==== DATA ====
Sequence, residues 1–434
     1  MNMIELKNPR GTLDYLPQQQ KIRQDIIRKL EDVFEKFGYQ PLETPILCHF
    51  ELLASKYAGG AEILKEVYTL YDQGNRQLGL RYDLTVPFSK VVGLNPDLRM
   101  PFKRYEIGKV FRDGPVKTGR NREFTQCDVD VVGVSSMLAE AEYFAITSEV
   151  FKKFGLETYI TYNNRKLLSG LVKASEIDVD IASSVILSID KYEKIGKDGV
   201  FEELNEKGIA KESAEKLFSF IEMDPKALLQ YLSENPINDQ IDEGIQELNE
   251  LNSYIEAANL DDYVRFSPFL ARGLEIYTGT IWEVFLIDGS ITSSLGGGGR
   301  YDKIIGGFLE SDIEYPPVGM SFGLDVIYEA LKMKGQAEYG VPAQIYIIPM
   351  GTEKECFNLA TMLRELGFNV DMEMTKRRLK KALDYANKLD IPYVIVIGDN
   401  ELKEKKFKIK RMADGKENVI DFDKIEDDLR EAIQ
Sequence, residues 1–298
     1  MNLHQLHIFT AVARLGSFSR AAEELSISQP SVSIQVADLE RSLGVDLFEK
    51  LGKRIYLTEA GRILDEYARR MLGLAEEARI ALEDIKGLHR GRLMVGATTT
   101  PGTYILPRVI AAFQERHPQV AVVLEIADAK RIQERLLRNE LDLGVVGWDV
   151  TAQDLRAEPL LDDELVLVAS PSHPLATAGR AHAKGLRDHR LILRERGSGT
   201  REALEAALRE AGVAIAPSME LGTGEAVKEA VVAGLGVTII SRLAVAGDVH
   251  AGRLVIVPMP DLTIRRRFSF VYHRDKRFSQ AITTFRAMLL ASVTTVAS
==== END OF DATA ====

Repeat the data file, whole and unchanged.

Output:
Sequence, residues 1–434
     1  MNMIELKNPR GTLDYLPQQQ KIRQDIIRKL EDVFEKFGYQ PLETPILCHF
    51  ELLASKYAGG AEILKEVYTL YDQGNRQLGL RYDLTVPFSK VVGLNPDLRM
   101  PFKRYEIGKV FRDGPVKTGR NREFTQCDVD VVGVSSMLAE AEYFAITSEV
   151  FKKFGLETYI TYNNRKLLSG LVKASEIDVD IASSVILSID KYEKIGKDGV
   201  FEELNEKGIA KESAEKLFSF IEMDPKALLQ YLSENPINDQ IDEGIQELNE
   251  LNSYIEAANL DDYVRFSPFL ARGLEIYTGT IWEVFLIDGS ITSSLGGGGR
   301  YDKIIGGFLE SDIEYPPVGM SFGLDVIYEA LKMKGQAEYG VPAQIYIIPM
   351  GTEKECFNLA TMLRELGFNV DMEMTKRRLK KALDYANKLD IPYVIVIGDN
   401  ELKEKKFKIK RMADGKENVI DFDKIEDDLR EAIQ
Sequence, residues 1–298
     1  MNLHQLHIFT AVARLGSFSR AAEELSISQP SVSIQVADLE RSLGVDLFEK
    51  LGKRIYLTEA GRILDEYARR MLGLAEEARI ALEDIKGLHR GRLMVGATTT
   101  PGTYILPRVI AAFQERHPQV AVVLEIADAK RIQERLLRNE LDLGVVGWDV
   151  TAQDLRAEPL LDDELVLVAS PSHPLATAGR AHAKGLRDHR LILRERGSGT
   201  REALEAALRE AGVAIAPSME LGTGEAVKEA VVAGLGVTII SRLAVAGDVH
   251  AGRLVIVPMP DLTIRRRFSF VYHRDKRFSQ AITTFRAMLL ASVTTVAS